During a mean follow-up period of 24 ± 7.2 months, the recurrences of AF and atrial flutter in group B (42%) were significantly lower than those in group A (78%, p < 0.001), group C (92%, p < 0.001) and group D (92%, p < 0.001).
The creation of a complete bi-directional conduction block at the inferior vena cava-tricuspid annulus isthmus, plus flecainide administration, reduces the recurrences of both AF and atrial flutter in patients with class IC atrial flutter. Moreover, the early response to flecainide is safe and reliable in identifying patients who may benefit from this therapy.
Atrial fibrillation (AF) and atrial flutter, both intra-atrial re-entrant tachycardia with different electrophysiologic mechanisms, are frequently associated in an individual patient. Spontaneous and pharmacologic transformation of AF into atrial flutter has been well documented (1,2). Recently, it has been reported that radiofrequency ablation of the inferior vena cava-tricuspid annulus isthmus in patients developing atrial flutter while receiving oral class IC anti-arrhythmic drug therapy (class IC atrial flutter) for AF, reduces the number of AF recurrences (3–5). The aim of this study was to test the hypothesis that the response to flecainide infusion can identify patients in whom the hybrid pharmacologic and ablation therapy reduces the recurrences of AF.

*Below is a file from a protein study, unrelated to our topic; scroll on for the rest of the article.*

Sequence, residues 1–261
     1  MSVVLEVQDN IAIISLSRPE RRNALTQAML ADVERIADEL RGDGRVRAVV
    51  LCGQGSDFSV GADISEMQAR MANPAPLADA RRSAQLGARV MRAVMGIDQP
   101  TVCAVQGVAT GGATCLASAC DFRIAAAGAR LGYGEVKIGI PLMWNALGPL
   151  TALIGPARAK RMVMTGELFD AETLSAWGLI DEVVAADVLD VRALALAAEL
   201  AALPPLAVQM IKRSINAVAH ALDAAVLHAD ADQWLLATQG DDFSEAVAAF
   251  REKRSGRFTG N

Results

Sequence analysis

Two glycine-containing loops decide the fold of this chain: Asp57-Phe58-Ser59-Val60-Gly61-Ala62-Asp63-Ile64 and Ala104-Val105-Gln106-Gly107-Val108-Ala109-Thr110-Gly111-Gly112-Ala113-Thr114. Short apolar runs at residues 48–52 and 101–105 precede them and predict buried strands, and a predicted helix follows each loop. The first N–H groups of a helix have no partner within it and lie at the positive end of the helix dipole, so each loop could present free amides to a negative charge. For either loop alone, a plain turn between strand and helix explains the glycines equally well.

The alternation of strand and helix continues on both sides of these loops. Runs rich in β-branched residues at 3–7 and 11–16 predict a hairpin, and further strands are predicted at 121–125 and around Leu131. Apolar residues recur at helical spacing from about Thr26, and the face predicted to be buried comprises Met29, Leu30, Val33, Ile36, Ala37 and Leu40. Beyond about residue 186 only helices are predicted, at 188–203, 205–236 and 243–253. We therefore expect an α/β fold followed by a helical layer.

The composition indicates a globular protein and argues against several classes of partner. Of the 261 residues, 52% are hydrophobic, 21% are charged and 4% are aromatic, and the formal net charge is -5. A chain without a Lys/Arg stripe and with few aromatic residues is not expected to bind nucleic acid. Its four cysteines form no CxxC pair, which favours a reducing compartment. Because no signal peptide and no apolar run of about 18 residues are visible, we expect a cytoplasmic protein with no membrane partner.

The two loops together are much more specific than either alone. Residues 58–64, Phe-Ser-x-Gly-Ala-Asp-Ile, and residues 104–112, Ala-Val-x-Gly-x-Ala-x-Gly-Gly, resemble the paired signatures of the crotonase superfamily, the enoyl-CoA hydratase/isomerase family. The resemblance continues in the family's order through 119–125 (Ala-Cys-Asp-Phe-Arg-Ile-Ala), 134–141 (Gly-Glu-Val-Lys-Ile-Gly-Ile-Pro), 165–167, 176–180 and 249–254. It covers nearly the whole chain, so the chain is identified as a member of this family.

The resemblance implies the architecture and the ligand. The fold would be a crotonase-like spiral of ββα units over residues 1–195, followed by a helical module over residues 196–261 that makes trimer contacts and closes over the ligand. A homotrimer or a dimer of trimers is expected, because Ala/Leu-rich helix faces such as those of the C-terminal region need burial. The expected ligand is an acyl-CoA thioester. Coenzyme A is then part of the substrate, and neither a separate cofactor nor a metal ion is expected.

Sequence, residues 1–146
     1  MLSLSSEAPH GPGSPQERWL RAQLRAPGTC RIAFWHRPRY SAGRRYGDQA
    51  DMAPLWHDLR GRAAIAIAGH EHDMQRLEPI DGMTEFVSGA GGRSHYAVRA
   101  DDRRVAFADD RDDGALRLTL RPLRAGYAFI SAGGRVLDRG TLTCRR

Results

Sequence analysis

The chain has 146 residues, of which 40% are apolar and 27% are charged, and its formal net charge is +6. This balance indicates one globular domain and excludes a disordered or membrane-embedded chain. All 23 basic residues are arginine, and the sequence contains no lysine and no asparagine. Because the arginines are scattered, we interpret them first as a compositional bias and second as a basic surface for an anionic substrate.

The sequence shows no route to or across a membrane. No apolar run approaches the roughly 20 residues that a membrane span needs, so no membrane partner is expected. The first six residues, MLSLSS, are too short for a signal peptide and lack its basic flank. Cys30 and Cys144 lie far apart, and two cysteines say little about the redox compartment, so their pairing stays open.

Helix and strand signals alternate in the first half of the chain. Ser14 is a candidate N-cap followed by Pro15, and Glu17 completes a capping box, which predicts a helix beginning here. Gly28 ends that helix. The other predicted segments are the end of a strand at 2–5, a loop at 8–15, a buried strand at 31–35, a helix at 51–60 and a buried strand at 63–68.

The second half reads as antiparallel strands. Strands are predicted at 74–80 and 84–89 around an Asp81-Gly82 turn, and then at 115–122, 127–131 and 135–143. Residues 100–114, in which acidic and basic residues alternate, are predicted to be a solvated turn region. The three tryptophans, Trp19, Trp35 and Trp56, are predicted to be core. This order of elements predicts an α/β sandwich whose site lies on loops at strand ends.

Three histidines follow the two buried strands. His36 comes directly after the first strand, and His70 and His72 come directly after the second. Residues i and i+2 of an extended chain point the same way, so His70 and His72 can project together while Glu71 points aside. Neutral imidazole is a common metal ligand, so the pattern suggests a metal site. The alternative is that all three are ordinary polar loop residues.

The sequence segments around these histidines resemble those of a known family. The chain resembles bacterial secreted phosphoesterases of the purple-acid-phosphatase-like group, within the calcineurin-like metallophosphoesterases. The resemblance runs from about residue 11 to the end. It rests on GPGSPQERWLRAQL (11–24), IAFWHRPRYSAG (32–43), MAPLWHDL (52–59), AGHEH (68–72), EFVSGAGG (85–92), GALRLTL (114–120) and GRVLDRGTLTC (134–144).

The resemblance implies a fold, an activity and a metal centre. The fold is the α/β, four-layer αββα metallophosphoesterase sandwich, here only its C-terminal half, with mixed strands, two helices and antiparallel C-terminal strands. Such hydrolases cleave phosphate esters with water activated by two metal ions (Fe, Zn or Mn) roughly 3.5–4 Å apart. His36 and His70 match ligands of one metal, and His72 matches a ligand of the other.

Patient selection and study protocol